“I admit it wasn’t easy, especially in the beginning. We had outright resistance in some cases. When the GPS team shared the critical importance of follow-through with our estimators—that selling by price is totally unacceptable (which we knew, but did anyway)—our lead, who was our most senior estimator, objected saying, ‘I already work 50 and 60 hours and we can’t get the jobs in. Now you want me to waste two to three days a week making followup calls? Give me a break!’ That was a make or break day.

“In our hearts, we knew we couldn’t keep doing it the old way. We had just finished analyzing our estimating process and realized that when things got difficult, we had inadvertently altered our estimating process formulae and were failing to apply an overhead absorption correctly. GPS identified the error and fixed it, but it meant that we needed to increase our prices by 10 percent! We had a choice: either listen to our senior estimator, keep doing it his way (which meant continuing to lose money on jobs and failing to win bids) or we could try something different. Failure was not an option. On that day, we made a fateful choice that has forever changed our lives. We listened to GPS and made a personal commitment to change!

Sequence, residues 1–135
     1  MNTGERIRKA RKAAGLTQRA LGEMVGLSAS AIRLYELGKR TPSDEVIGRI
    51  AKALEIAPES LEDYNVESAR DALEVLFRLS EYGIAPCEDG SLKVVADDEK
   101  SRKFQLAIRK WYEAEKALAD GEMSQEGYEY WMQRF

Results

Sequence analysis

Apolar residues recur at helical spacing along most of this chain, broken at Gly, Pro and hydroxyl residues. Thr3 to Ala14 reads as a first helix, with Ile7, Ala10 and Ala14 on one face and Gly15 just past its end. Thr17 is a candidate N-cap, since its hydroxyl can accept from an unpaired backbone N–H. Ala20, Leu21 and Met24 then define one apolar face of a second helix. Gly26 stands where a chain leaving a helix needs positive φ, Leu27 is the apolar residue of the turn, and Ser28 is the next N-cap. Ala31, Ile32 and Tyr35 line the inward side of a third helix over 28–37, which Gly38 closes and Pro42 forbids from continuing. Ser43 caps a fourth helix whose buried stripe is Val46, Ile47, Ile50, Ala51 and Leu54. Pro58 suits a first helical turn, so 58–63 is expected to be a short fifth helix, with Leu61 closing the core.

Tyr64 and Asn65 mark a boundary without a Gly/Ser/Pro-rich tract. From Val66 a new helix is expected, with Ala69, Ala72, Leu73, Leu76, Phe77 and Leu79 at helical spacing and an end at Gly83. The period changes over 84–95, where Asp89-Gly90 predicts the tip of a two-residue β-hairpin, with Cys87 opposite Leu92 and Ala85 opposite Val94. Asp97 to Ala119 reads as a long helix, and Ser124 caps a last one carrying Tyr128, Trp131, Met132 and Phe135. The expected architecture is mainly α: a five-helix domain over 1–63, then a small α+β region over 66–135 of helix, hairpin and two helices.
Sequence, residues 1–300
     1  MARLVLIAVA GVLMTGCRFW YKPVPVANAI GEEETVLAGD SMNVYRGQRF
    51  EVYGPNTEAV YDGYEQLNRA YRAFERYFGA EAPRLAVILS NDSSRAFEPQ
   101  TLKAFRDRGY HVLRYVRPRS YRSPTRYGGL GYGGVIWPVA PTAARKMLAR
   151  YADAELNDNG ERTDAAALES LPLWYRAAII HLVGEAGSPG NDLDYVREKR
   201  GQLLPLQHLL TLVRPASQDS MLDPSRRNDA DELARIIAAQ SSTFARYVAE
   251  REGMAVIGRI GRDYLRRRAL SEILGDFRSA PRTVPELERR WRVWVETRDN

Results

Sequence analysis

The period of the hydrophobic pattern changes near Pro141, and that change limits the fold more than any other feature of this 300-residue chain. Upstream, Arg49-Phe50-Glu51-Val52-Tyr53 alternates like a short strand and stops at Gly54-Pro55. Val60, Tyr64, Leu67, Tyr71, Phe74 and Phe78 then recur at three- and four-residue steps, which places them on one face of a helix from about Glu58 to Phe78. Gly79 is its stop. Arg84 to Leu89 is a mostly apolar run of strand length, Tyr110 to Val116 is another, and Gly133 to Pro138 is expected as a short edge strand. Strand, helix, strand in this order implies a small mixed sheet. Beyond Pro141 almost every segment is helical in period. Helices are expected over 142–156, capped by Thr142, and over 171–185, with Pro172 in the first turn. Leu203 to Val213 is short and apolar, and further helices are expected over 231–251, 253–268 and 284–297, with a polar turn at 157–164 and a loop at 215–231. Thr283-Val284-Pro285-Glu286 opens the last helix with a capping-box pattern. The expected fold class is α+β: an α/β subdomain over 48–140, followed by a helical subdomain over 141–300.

“As our project manager/consultant, Henry, drove us mercilessly, we pushed, we redid our offices, changed some staff, established guidelines and, most importantly, built a plan, designed specific metrics to measure our progress and held everyone (including ourselves) accountable. In looking back, this wasn’t rocket science, rather it was basic common sense—business sense. Our challenge lied in sorting through all the theories, finding out what applied to us and having a coach to keep us on track, train us in the right techniques and keep us focused—staying away from the normal day-to-day drama and office politics that plague small family companies. It wasn’t an easy process, but the results were well worth it. Our sales boomed 27 percent within the year and we had a $725,000 improvement in our profits!

“It would be nice to say, ‘And we lived happily ever after,’ but that was not the case. Old habits are hard to kill. After our most successful year in the company’s history, the next wasn’t so good. By the end of the next year, our sales were starting to slip and we weren’t making our goals. The recession was again taking hold and Washington was in the midst of its budget woes. Around this time, Henry, our project manager, returned for one of his periodic ‘in-person checkups.’